Tuesday, March 30, 2010
Sunday, March 28, 2010
Wednesday, March 24, 2010
A few thoughts from and about this book, that I think are golden:
'Self-esteem and strong self-belief are, indeed, valuable attributes, but their value is undermined if they come at the expense of sound self-knowledge(because he's told he's wonderful at everything), sound friendships (because friends are put off by his resulting bossiness and arrogance), and determination and perseverance ( because he has never had to face and overcome setbacks).' For the soul who can't let go of the term 'self-esteem' these are the exact thing that self-esteem does. But I think the author realizes this even if he doesn't see the flaw in the term. Reverse the words – esteem self. Do you see the dilemma with this virtue? It's not really a virtue from a Biblical perspective.
But that being said, the author shares terms and suggestions for ways to praise well. The first terms to consider & focus on to more clearly and effectively communicate with our children our desires for their hearts and actions. Terms for focusing 'on the varied, deeper purposes of praise beyond the obvious ones: affirm, appreciate, approve, admire, attend, anticipate, achieve, acknowledge, be aware and alert, and aspiration.' That's the first 10. These terms are meant to describe ways to effectively think and refine our praise to speak to a boys hearing. An example that sets this book apart in my mind is the definition & explanation he shares of admiration. His clear differentiation of hollow pedestal placing void praise versus Godly type care & admiration. Admiration because he is mine, my child. Love because he is my child, not earning my affection & admiration because he did something well. This may seem obvious, but to a parent who is trying to teach a child in this world's moral climate, one may fall into bad habits of withholding loving, admiration & affection. It can seem so important to share that which will mold their minds, it can become overwhelming to a mom with rambunctious boys. Do they still not need admiration? I think so. Every person does. Not excessive adoration, but appropriate admiration.
While discussing the purpose of praise the writer also shares a wonderful suggestion of keeping these areas of communication in 'terms of time zones.'
'It is useful to consider praise in terms of time zones. Although each encounter and incident is in the present, a key purpose of praise- and of support and encouragement—is to help our boys feel optimistic about their future, comfortable with the route they have traveled from the past, and content with the present. When we encourage them, our focus is on the future: We try to convince any boy in our care he will overcome any current difficulty to be successful herafter. We therefore generate faith, hope, and confidence and give him heart. When we clearly enjoy his company and his achievements, we indicate our happiness and pleasure with who he is, in the present moment.'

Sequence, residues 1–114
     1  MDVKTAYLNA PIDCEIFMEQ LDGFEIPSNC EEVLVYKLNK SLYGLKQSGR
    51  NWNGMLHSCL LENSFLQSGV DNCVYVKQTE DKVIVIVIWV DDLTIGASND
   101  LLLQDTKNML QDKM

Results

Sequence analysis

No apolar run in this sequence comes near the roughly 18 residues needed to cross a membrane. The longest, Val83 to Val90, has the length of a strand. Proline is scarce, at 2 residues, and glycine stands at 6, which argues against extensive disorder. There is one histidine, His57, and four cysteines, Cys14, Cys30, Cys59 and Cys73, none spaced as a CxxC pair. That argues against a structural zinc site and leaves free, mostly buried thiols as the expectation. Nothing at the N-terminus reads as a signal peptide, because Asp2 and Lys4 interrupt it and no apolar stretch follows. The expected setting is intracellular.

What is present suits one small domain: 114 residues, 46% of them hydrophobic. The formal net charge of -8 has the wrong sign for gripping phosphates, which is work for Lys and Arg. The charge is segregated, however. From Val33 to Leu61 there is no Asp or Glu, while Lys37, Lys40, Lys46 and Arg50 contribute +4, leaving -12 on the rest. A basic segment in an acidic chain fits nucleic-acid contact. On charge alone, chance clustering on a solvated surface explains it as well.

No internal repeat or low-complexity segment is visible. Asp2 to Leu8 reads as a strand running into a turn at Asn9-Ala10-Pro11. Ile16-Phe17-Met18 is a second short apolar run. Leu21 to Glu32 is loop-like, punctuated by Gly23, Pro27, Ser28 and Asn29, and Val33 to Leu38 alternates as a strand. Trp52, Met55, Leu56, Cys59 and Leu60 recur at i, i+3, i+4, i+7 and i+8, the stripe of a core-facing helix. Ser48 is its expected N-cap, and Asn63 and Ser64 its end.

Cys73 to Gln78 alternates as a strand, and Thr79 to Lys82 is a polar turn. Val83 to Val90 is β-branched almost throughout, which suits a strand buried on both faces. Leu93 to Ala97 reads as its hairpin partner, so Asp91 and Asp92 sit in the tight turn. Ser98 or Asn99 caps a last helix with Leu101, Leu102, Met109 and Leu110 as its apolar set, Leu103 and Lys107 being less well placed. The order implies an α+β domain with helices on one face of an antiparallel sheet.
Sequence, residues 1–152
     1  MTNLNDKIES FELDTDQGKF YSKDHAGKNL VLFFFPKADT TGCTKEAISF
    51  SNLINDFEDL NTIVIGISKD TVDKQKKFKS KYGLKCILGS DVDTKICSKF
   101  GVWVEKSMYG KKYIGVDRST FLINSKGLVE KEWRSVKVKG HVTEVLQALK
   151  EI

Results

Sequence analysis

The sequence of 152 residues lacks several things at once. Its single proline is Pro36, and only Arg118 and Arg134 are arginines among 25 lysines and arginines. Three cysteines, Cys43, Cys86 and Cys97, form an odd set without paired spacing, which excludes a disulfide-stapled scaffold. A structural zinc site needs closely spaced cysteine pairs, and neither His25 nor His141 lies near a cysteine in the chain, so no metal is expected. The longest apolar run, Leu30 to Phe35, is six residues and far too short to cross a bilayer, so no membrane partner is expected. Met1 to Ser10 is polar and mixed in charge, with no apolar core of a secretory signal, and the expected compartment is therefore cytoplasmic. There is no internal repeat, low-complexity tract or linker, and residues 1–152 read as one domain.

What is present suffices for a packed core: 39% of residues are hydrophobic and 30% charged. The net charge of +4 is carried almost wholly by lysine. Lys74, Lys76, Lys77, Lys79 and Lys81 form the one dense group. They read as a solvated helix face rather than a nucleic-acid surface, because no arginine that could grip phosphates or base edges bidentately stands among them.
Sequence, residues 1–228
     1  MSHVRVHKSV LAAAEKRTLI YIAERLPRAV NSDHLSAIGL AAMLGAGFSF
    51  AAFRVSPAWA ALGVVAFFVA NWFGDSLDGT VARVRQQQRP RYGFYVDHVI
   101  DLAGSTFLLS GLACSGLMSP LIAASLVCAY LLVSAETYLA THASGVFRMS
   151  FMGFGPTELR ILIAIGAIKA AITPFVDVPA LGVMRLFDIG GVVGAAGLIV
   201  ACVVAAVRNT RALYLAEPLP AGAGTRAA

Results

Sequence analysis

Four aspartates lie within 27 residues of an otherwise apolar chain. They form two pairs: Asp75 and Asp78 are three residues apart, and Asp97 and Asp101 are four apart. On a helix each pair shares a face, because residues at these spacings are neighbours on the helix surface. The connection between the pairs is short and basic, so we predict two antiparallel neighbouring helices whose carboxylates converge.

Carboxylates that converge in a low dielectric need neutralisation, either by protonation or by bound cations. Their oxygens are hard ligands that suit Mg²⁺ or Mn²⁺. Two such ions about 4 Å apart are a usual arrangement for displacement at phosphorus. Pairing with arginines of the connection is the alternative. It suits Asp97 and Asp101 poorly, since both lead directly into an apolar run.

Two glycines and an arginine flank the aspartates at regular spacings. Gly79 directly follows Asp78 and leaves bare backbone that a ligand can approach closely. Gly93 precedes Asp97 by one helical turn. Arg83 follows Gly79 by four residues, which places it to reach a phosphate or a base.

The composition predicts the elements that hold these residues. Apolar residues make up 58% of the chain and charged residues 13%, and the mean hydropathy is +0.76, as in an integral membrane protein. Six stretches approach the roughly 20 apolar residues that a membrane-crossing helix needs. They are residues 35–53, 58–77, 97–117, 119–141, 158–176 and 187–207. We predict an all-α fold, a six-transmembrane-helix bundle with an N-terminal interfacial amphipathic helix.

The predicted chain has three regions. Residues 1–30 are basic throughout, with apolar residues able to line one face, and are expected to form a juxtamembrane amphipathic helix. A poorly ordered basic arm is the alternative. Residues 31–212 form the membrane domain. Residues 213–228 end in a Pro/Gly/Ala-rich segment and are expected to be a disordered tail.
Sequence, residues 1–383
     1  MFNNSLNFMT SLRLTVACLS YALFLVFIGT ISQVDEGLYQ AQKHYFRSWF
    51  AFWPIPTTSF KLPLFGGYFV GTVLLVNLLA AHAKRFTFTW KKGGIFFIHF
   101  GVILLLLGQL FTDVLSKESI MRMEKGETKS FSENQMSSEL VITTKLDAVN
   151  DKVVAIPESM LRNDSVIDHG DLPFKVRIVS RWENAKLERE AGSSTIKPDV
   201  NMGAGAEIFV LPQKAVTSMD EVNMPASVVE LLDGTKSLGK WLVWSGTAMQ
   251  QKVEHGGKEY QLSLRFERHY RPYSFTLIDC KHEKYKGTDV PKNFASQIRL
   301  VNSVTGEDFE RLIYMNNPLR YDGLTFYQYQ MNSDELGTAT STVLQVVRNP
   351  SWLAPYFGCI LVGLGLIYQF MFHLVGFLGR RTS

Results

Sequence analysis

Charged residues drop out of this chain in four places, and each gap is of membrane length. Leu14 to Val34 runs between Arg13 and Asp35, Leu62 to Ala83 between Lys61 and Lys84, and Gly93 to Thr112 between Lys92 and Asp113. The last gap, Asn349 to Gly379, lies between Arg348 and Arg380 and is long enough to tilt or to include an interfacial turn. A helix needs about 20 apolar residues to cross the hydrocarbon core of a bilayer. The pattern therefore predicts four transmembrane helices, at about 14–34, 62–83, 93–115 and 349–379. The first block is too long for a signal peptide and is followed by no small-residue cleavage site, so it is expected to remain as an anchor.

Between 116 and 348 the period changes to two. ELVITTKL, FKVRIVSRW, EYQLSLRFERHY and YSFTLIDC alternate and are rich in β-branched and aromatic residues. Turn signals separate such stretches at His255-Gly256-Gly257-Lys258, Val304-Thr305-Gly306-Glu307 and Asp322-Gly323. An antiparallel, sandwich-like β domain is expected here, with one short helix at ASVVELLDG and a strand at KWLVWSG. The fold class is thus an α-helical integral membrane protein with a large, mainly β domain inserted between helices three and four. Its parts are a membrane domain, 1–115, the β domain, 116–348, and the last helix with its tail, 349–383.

I carefully consider post-modern psychology, and seldom throw out a book, or person to consider, but I've had to do some home-work in an area of my personal weakness. While reading 7 Habits of Highly Effective Families, I've had to answer questions about the strengths of each family member, and ways to help them feel appreciated and loved. This book I believe, Praising Boys Well, will help me become better at appreciating & and affirming my love & confidence in them, as they choose , not perfectly but in this youthful season of learning & growing, to choose to follow godly principles & virtues.
Keeping a balance, a Godly approach to parenting, can be found in both determining what we don't want and being very specific about what we do want. Sometimes looking for ways to effectively communicate that which we have in our hearts can be the missing tool.
'A word fitly spoken is like apples of gold in settings of silver.'
Monday, March 22, 2010
'20 Blessed be the name of God forever and ever, for wisdom and might are His. He changes the times and the seasons; He removes kings and raises up kings; he gives wisdom to the wise and knowledge to those who have understanding. He reveals deep and secret things; he knows what is in the darkeness, and light dwells with Him. I thank You and praise You, O God of my fathers; You have given me wisdom and might, And have now made known to me what we asked of You.'
Daniel is known for his prayer life. Daniel's trust is
demonstrated by his lifestyle. He hasn't lost sight of who is really in control of what will happen in the future.
Friday, March 19, 2010
I'm continuing in my effort for options for better food for our family. We continue